:clap:​

This video is nice because Ms. Fischer gives you an encore of Niccolò Paganini's Caprice No. 2 (from 24 Caprices for Solo Violin, written between 1802 and 1817) at the end. These are designed as études, with each Caprice exploring different skills; the 2nd Caprice focuses on detache with many string crossings across non-adjacent strings - watch for it! Oh, and Paganini was the most celebrated violinist of his time.

:clap:​

So, naturally, Summer is just a portion of an intensely wonderful epic work, but it's best to just get your feet wet first, and see how it goes. I've got the entire 42 minute Suite on the list a bit later (at #29).
 

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Discussion Starter · #34 · (Edited)
#7
Brandenburg Concerto No. 6 in B flat, BWV 1051
("Concerto #6 due Viole da Braccio, due Viole da Gamba, Violoncello, Violone e Cembalo")
Johann Sebastian Bach
1721


It's an excellent example of Bach's mastery of polyphony. The entire collection is widely regarded as some of the best orchestral compositions of the Baroque era.

The six "Brandenburg Concertos", no two of which sound alike, encompass an impressive range of style and topic, and manifest in combination the courtly elegance of the French suite, the exuberance of the Italian solo concerto and the gravity of German counterpoint. Subtle and brilliant at the same time, they are a microcosm of Baroque music, with an astonishingly vast sample of that era's emotional universe.

There is an interesting story behind the music's survival: The manuscript was nearly lost in World War II, when being transported for safekeeping to Prussia by train in the care of a librarian. The train came under aerial bombardment, and the librarian escaped the train, and the bombardment, in a nearby forest, with the scores hidden under his coat.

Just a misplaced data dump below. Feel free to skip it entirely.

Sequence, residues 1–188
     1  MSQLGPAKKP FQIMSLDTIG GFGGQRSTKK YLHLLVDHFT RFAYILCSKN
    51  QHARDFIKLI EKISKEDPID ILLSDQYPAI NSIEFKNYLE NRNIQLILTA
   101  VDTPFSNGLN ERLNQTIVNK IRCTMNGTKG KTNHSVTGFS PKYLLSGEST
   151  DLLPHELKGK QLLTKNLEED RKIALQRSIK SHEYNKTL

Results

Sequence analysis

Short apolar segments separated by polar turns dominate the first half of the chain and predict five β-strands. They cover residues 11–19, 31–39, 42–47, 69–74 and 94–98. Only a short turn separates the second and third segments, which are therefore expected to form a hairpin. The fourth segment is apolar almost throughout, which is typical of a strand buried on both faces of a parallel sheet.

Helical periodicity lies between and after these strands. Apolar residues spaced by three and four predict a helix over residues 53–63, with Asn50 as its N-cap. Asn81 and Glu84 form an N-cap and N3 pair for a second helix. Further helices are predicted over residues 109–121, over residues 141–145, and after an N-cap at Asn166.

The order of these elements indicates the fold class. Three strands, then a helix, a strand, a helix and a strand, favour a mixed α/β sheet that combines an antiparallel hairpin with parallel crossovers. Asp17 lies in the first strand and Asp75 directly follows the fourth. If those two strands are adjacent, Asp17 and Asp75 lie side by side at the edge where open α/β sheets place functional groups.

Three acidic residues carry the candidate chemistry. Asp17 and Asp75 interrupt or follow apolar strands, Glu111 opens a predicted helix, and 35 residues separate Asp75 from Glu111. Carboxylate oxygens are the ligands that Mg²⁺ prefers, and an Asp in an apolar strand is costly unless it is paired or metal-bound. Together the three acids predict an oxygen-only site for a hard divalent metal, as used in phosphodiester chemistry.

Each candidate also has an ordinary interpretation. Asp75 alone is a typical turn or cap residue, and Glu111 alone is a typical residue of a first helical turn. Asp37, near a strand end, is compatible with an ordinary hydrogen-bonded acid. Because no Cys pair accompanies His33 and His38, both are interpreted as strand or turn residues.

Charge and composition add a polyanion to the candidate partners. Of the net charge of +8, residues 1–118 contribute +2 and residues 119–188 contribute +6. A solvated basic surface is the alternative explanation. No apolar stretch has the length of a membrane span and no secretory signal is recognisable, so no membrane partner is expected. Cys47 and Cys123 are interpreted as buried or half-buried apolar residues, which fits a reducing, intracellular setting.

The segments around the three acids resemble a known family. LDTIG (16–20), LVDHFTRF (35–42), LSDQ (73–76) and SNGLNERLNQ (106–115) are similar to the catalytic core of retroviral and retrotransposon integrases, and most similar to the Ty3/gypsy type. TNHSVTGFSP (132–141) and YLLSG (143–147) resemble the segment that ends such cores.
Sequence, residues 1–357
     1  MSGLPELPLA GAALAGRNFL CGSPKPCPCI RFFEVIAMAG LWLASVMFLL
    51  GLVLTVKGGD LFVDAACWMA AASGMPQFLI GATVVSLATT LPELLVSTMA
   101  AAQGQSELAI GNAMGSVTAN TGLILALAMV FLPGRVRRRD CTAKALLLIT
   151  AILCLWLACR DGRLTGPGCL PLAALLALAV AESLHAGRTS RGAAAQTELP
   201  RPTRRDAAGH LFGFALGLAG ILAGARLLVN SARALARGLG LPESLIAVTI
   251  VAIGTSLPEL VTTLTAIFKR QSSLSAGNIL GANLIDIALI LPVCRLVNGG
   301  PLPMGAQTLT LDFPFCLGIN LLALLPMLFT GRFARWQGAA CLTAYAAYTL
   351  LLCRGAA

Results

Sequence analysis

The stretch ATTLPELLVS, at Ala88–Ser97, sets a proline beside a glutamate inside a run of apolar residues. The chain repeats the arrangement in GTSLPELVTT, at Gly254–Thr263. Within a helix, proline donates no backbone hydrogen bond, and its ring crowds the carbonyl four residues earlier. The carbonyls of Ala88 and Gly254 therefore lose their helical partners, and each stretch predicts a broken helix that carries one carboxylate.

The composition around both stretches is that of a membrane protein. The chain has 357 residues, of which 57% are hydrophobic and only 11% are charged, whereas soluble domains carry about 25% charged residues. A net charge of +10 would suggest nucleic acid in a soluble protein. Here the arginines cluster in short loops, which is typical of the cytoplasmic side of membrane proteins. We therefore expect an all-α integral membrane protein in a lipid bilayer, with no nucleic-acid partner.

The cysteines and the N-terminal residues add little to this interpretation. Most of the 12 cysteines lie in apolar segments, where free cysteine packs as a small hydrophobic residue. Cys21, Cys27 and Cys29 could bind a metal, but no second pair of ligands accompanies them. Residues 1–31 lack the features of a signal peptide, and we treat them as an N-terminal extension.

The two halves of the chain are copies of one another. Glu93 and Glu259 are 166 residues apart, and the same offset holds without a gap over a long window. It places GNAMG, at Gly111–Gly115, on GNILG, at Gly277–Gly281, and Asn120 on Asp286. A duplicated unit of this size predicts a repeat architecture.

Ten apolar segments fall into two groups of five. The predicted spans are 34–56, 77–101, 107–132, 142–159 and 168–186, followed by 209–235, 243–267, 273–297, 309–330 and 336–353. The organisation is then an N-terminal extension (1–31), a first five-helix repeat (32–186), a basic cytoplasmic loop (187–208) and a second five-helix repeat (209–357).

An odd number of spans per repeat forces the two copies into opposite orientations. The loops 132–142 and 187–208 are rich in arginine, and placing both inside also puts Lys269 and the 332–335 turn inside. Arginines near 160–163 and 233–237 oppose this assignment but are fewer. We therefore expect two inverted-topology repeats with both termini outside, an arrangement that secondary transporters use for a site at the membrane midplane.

Anyway, ALL of these concertos are great, each in their own way. Personally, if I were to pick just ONE movement, it would be tough, but I'd go with the 3rd movement of the 2nd Concerto, with its piccolo trumpet solo bits (in this video the trumpet part is evidently played by George Washington) . . .

Brandenburg Concerto 2, 3rd movement, Mozart Orchestra Bologna


.

. . . followed very closely by the 1st movement of the 4th Concerto, dominated by a pair of recorders.

Brandenburg Concerto no. 4,

., APOLLO'S FIRE - The Cleveland Baroque Orchestra

.

An awful lot of folks tend to give Bach's 5th Brandenburg a lot of praise, so here's the 1st movement of that one.

Brandenburg Concerto, No. 5, 1st mvt., Apollo's Fire Baroque Orchestra, with Jeannette Sorrell, Music Director, on harpsichord.


.

But when we're talking about 15-20 minutes of an entire piece, the 6th (probably the one written first, by the way) is remarkable for several reasons.

For starters there are no violins, just two violas, two violas da gamba, a cello, and the violone, which is near the cello range but from the gamba family. And a harpsichord.

16 minutes of joy.

Bach: Brandenburg Concerto No. 6 in B flat major, BWV 1051 (Freiburger Barockorchester)

00:13 I. Allegro
05:40 II. Adagio ma non tanto
10:07 III. Allegro


.

I especially love when Bach is played on period instruments. Really puts it over the top for me.

Bach was able to create great variety in the confines of "acceptable" music [of the day] with the now-almost-obsolete instruments available to him.

I'm a avid fan of Bach's works, and used to compete with the keyboard works (inventions, preludes & fugues, etc.). His music is unequaled in our history - NO ONE writes like he did . . .
 

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Discussion Starter · #35 · (Edited)
#8
Symphony 41 in C "Jupiter", K. 551.
Wolfgang Amadeus Mozart
1788


The name of the symphony, as the story goes, is that impresario Johann Peter Salomon called it Jupiter because the opening chords of trumpet and drum flourishes, which reminded him of the god Jupiter and his thunderbolts.

The Jupiter is the third of a trio of symphonies Mozart wrote.

It's the final movement that stands out as one of the most interesting symphonic movements written by any composer. It begins with a very simple four note theme that could have been taken from a church work. What follows is a strict sonata form, but with so much use of fugal imitation that early 19th century German musicians referred to the entire work as the "symphony with the fugal finale." The movement has also been described as Mozart's most "learned" piece of music, in that it could easily serve as a textbook of fugal devices. In the final coda, all five major thematic elements are played simultaneously, yet the overall effect is not a lesson in counterpoint, but a fitting conclusion to a dramatic symphonic movement.